Precision global health and comorbidity: a population-based study of 16 357 people in rural Uganda.
Chami GF., Kabatereine NB., Tukahebwa EM., Dunne DW.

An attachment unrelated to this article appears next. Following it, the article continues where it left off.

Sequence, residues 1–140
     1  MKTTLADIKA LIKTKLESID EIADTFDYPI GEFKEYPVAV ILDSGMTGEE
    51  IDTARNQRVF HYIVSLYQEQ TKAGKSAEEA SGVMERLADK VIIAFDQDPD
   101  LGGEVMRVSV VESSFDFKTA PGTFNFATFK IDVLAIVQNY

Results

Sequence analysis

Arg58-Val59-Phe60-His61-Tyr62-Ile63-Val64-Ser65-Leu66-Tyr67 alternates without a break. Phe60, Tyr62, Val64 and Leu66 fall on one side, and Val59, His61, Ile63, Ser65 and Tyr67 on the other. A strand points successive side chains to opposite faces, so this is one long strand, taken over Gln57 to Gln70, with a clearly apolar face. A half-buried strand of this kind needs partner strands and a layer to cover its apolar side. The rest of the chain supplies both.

In low-income countries, complex comorbidities and weak health systems confound disease diagnosis and treatment. Yet, data-driven approaches have not been applied to develop better diagnostic strategies or to tailor treatment delivery for individuals within rural poor communities. We observed symptoms/diseases reported within three months by 16 357 individuals aged 1+ years in 17 villages of Mayuge District, Uganda. Symptoms were mapped to the Human Phenotype Ontology. Comorbidity networks were constructed. An edge between two symptoms/diseases was generated if the relative risk greater than 1, ϕ correlation greater than 0, and local false discovery rate less than 0.05. We studied how network structure and flagship symptom profiles varied against biosocial factors. 88.05% of individuals (14 402/16 357) reported at least one symptom/disease. Young children and individuals in worse-off households-low socioeconomic status, poor water, sanitation, and hygiene, and poor medical care-had dense network structures with the highest comorbidity burden and/or were conducive to the onset of new comorbidities from existing flagship symptoms, such as fever. Flagship symptom profiles for fever revealed self-misdiagnoses of fever as malaria and sexually transmitted infections as a potentially missed cause of fever in individuals of reproductive age. Network analysis may inform the development of new diagnostic and treatment strategies for flagship symptoms used to characterize syndromes/diseases of global concern.